If all of his certificates, proclamations and other awards were tacked up, Hershel Kimbrell would need a bigger room, hopefully with at least six sides. Still, there’d be other memorabilia stored, and that’s fine with him.
He’s not an award-seeking guy. At age 90, memories of a life well lived are best tucked in the heart than tacked on the wall.
More than 100 family members, former players and friends helped him blow out candles at his recent birthday party held in Kimbrell Arena at his beloved McMurry University, where he was a basketball star, 1946-1950, and coach, 1959-1995. Brain surgery cost him one coaching season. In July, 1975--after eight hours of surgery--doctors said if Kimbrell would take care of himself, he could live another 10 years. He proved them wrong, just as he did many opposing coaches.
Reared by his mother and grandparents on an East Texas farm, Kimbrell says the allure of basketball began on dirt courts with “netless” goals. From early years a strong work ethic was born.
A man of values and Navy veteran of World War II, Kimbrell convinced players they could do more than they thought possible. This included a win over Texas Tech in Lubbock, and numerous victories over cross-town rivals Abilene Christian and Hardin-Simmons.
He called the party his “best medicine.” Stories abounded about his 31 seasons that included eight conference championships, 16 seasons of post-season play and participation in the 1962 NAIA National Tournament. (Summed up, Kimbrell coached nine years at Garland High School before joining McMurry, where he coached golf for five years upon retiring as basketball coach in 1990.)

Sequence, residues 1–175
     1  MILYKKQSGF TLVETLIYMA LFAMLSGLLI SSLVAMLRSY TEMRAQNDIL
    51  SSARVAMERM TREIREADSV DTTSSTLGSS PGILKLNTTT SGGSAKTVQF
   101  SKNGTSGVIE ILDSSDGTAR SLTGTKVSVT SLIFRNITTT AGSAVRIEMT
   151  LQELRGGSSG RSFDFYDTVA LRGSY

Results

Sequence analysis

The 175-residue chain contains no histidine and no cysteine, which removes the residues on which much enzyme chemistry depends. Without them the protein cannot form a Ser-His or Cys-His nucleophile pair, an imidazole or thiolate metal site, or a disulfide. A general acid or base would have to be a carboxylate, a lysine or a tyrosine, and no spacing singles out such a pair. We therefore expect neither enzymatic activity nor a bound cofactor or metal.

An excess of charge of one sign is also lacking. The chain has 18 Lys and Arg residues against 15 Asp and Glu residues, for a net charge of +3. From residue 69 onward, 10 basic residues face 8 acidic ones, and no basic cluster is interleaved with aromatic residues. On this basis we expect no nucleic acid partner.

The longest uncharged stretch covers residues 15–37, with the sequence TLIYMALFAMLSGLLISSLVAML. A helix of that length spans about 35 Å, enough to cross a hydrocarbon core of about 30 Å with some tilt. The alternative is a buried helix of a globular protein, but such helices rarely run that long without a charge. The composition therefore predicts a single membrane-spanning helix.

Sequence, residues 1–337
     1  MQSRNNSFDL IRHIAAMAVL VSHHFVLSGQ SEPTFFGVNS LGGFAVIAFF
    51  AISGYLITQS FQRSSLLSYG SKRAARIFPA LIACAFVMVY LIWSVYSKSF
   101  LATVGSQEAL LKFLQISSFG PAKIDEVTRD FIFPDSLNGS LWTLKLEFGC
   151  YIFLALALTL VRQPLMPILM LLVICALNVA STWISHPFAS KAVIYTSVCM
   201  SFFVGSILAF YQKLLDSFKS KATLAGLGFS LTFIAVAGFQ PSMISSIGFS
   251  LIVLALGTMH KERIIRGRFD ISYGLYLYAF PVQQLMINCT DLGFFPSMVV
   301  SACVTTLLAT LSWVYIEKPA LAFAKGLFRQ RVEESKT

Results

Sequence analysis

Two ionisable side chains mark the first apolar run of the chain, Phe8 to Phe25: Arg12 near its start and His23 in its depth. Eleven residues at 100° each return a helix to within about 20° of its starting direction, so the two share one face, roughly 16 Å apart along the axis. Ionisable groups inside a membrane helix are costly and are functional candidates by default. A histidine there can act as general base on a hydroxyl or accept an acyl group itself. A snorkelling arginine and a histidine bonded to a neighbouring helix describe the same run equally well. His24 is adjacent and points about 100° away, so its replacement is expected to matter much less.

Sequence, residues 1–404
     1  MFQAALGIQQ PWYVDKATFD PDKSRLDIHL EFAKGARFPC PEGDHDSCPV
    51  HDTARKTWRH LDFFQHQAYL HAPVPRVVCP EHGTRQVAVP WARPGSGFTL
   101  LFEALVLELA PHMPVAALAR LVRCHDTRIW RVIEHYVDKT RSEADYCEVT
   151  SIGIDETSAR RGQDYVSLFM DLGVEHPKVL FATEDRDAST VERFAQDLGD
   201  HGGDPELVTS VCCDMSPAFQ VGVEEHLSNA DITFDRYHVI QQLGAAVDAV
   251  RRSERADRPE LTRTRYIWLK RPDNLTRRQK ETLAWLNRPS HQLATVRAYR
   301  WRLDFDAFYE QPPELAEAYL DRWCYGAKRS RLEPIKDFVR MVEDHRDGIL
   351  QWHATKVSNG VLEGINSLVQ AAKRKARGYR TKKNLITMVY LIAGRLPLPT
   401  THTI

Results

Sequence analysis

A highlight was a recorded message from legendary Grant Teaff, a McMurry alum with whom Hershel coached in the early going. Under normal circumstances, the former President of the American Football Coaches’ Association would have been present, but recuperation from a long bout with pneumonia precluded travel.
Grant and Hershel have been my valued friends for 60 years, and I salute their greatness--first and foremost--as Christian models.
I’m glad the best of each rubbed off on the other, and that their lives of testimony ignited “can do” fires in the hearts of young men who hadn’t discovered their potential.
On his final trip to Brownwood in 1990 to play Howard Payne, Hershel was given a rocking chair that’s “pretty near worn out.”
For a 90th birthday gift, friends gave him a chair imprinted “McMurry Indians.” (Apologies are extended to NCAA which decreed the mascot name could no longer be used--at least not by small schools with limited political clout.)
“I’ll always be a McMurry Indian,” he said, a declaration of support of the now-called “War Hawks.” He added, “I love McMurry University, and wish other alumni loved it as much as I do.”
They named the arena in his honor upon his retirement in 1995. And why wouldn’t they? He did everything asked of him--and more.
He gave his all, even when budgets shrank. Kimbrell worked long days and nights on recruiting trails, even when the university affiliated with schools that don’t offer athletic scholarships. Parents of his players claim, however, that Kimbrell’s molding their sons into responsible adults can’t be measured in financial terms.
His “giving back” was proven again after his retirement. He led the applause when the arena named to honor him gained another name alongside his. It’s that of another McMurry great, Ron Holmes, who succeeded Kimbrell as basketball coach. Now, the “Ron Holmes Court” is center stage for the Kimbrell Arena. Holmes was a basketball standout in the 1970s.
Georgia, Hershel’s sweetheart during their Abilene High School years and his wife of 60 years, would have been proud. (She died in 2008.)
Likewise proud are daughter Kim, son Kit, two grandchildren and two great-grandchildren, as well as a dozen other relatives who “scrunched up” for pictures.
For the record, they were all smiling.
Contact Don by email: firstname.lastname@example.org or phone: 817-447-3872.
Contact Don by email: email@example.com or phone: 817-447-3872